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procul, with reference to the same word used twice in 244.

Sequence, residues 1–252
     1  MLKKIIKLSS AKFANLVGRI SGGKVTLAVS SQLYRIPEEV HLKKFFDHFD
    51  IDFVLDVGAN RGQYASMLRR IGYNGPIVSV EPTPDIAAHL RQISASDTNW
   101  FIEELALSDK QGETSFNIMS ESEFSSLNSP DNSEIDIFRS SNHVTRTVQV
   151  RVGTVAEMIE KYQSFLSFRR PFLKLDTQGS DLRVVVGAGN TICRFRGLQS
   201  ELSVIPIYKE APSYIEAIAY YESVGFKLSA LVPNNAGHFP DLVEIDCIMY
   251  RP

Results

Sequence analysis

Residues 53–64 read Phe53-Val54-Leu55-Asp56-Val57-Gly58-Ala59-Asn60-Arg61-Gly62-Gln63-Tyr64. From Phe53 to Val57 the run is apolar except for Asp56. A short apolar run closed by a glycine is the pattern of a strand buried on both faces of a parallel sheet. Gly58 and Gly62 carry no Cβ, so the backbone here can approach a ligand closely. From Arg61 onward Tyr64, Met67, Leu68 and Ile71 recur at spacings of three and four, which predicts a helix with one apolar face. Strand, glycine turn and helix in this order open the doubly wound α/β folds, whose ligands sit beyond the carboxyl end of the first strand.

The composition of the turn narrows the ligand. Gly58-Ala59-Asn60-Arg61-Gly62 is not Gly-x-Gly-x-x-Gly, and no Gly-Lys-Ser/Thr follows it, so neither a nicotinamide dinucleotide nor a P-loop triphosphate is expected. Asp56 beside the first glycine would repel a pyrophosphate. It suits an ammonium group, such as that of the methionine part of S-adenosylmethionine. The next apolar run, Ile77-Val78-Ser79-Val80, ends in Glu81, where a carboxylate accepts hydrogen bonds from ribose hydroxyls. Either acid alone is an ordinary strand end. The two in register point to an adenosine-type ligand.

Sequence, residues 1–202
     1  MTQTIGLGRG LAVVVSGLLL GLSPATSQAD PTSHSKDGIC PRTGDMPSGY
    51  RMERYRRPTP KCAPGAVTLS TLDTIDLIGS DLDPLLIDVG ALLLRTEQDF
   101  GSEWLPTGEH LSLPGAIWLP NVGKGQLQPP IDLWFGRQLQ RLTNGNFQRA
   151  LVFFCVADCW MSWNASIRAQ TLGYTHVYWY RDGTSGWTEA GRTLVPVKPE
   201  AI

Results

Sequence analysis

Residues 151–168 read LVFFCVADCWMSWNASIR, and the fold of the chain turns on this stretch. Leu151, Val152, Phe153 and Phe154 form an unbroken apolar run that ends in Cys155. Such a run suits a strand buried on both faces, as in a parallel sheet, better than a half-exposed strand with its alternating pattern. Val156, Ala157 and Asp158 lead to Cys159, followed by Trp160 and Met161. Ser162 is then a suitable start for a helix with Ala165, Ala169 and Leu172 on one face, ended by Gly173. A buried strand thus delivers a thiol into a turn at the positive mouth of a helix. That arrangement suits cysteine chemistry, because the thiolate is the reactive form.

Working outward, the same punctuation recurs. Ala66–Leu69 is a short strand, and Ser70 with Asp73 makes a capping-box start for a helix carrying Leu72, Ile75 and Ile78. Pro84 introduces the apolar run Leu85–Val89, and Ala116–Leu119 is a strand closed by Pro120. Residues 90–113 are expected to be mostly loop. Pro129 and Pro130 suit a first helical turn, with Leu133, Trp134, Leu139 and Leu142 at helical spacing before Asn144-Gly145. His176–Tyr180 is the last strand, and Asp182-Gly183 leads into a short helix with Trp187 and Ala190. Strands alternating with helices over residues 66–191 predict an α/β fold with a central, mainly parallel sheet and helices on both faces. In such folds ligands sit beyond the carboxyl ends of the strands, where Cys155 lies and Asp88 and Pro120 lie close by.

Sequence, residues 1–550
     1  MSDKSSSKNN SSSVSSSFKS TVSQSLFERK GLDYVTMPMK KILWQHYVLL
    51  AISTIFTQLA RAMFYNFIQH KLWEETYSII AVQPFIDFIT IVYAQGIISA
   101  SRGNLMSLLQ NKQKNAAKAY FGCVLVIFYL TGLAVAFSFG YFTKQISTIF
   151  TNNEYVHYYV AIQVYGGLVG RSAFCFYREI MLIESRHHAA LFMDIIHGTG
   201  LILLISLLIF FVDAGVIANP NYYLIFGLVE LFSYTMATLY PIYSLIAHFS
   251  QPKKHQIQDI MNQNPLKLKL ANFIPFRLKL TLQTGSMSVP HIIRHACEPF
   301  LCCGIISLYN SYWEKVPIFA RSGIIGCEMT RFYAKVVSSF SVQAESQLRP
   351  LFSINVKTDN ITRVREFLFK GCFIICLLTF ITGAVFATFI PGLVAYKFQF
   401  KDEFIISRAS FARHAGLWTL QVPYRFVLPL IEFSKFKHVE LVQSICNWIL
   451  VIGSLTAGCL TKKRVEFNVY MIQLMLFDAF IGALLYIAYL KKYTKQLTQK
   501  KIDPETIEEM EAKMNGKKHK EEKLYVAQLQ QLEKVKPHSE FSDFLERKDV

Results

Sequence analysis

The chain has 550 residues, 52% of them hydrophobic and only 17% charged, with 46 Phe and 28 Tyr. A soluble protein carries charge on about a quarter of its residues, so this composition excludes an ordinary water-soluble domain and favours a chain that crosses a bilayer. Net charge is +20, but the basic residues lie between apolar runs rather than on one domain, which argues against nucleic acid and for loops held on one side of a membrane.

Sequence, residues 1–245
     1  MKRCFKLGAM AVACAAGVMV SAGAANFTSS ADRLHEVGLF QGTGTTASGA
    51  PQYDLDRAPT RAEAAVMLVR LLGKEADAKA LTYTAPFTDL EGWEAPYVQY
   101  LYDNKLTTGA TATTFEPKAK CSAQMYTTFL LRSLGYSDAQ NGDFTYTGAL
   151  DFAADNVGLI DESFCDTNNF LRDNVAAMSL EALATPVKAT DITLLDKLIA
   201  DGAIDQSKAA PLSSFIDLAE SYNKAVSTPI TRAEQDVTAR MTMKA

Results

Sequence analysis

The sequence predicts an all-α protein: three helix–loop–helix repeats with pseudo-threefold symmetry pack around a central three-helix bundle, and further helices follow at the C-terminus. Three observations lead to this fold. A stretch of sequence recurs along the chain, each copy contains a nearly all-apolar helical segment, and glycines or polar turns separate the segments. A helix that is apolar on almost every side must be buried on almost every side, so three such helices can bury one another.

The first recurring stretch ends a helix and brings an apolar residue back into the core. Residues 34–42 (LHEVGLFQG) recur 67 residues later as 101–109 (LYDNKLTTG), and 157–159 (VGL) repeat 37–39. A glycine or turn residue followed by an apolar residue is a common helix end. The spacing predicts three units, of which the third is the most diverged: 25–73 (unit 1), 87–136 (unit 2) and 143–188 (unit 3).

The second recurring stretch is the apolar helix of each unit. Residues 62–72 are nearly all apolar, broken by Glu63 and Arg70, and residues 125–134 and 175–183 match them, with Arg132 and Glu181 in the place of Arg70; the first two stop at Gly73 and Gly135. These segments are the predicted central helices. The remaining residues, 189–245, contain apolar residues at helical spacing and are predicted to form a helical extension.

infamatae, a word used also in Ex Pont. III. vi. 43. Notice that que is joined not to tecta which it connects with insidias, but to the epithet of deae which belongs to both clauses. Dillenburger has pointed out that this collocation of que as well as of ne and ve is a feature of the style of Horace. See a list of passages in Wickham's note on Hor. C. I. xxx. 6, where he says: ‘In all these cases the word to which it is joined is emphatic, and is usually a common element in the two clauses, the verb or adverb which gives their meaning to both, and which is placed in this way between them in order to make us feel their unity.’ It seems doubtful whether the effect is not rather to emphasise the second member of the coordination, for which the ear is thus kept waiting. Cf. 19 n., xiii.913 n.

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